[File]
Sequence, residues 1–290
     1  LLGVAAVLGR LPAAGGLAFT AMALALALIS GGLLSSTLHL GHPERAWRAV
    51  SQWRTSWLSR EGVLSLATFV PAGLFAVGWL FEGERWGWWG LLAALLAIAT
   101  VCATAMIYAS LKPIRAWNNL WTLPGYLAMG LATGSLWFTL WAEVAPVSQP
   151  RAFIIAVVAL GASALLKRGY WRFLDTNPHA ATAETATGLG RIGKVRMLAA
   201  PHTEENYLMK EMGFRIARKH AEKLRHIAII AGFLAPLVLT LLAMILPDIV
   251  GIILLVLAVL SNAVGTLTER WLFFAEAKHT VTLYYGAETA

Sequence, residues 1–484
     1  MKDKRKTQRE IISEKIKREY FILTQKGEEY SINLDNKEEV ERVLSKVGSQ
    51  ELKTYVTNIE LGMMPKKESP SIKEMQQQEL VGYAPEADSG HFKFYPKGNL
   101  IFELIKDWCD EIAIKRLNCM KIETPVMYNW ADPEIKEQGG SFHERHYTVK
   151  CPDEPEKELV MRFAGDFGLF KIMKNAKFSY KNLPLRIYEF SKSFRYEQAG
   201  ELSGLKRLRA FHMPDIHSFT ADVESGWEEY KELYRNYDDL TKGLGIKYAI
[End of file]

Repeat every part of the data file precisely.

Sequence, residues 1–290
     1  LLGVAAVLGR LPAAGGLAFT AMALALALIS GGLLSSTLHL GHPERAWRAV
    51  SQWRTSWLSR EGVLSLATFV PAGLFAVGWL FEGERWGWWG LLAALLAIAT
   101  VCATAMIYAS LKPIRAWNNL WTLPGYLAMG LATGSLWFTL WAEVAPVSQP
   151  RAFIIAVVAL GASALLKRGY WRFLDTNPHA ATAETATGLG RIGKVRMLAA
   201  PHTEENYLMK EMGFRIARKH AEKLRHIAII AGFLAPLVLT LLAMILPDIV
   251  GIILLVLAVL SNAVGTLTER WLFFAEAKHT VTLYYGAETA

Sequence, residues 1–484
     1  MKDKRKTQRE IISEKIKREY FILTQKGEEY SINLDNKEEV ERVLSKVGSQ
    51  ELKTYVTNIE LGMMPKKESP SIKEMQQQEL VGYAPEADSG HFKFYPKGNL
   101  IFELIKDWCD EIAIKRLNCM KIETPVMYNW ADPEIKEQGG SFHERHYTVK
   151  CPDEPEKELV MRFAGDFGLF KIMKNAKFSY KNLPLRIYEF SKSFRYEQAG
   201  ELSGLKRLRA FHMPDIHSFT ADVESGWEEY KELYRNYDDL TKGLGIKYAI